Cut from the NFL at 25, Kyle Bishop finds himself in the perfect position to kick off any number of exciting genre adventures, rather than the tepid daytime-TV melodrama the film offers instead.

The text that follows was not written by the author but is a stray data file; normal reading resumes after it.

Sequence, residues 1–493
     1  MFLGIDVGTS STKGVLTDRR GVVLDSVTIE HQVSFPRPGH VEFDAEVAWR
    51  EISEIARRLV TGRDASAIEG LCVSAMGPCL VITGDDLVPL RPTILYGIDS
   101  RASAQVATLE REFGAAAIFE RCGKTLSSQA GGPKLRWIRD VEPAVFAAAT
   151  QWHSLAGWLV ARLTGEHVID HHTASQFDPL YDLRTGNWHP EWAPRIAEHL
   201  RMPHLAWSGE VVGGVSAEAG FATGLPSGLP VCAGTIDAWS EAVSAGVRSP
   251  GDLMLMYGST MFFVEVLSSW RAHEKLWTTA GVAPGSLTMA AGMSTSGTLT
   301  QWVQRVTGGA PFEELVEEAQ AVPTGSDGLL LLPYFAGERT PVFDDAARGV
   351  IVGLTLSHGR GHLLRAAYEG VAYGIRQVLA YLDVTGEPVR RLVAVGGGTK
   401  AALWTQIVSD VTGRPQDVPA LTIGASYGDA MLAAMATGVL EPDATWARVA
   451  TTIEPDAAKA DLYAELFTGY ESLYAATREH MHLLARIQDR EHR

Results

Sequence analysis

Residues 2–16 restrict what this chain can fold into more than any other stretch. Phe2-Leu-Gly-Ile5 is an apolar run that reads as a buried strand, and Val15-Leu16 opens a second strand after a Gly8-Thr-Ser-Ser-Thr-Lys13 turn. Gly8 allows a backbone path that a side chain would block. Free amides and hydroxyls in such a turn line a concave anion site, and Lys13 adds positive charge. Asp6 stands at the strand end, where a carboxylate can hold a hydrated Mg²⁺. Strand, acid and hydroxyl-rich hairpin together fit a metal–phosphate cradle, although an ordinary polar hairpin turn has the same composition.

Cut from the NFL at 25, the hero of football player-turned-helmer Matthew A. Cherry’s “The Last Fall” finds himself in the perfect position to kick off any number of exciting genre adventures. Kyle Bishop (“Our Family Wedding’s” Lance Gross) is forcibly retired with nothing to his name but sizable debts and a lingering crush on his high-school sweetheart, now a single mom, which suggests everything from heist-movie to romantic-comedy possibilities, rather than the tepid daytime-TV melodrama the film offers instead. It’s a beginner’s mistake, but one that relegates this well-acted but under-conceived all-black ensembler to the ancillary second team.In an attempt to humanize the experience of professional athletes, Cherry respectfully corrects the idea that all players are millionaires who have it easy, revealing that many never think far enough ahead to plan for the day they are permanently benched. Leading man Gross clearly has charisma, but his character is stuck feeling miserable for himself most of the movie, which mistakenly assumes auds will sympathize. Clumsy production values and too-dark lensing counteract the limited appeal of watching him waffle between finding another team and picking up where life left off.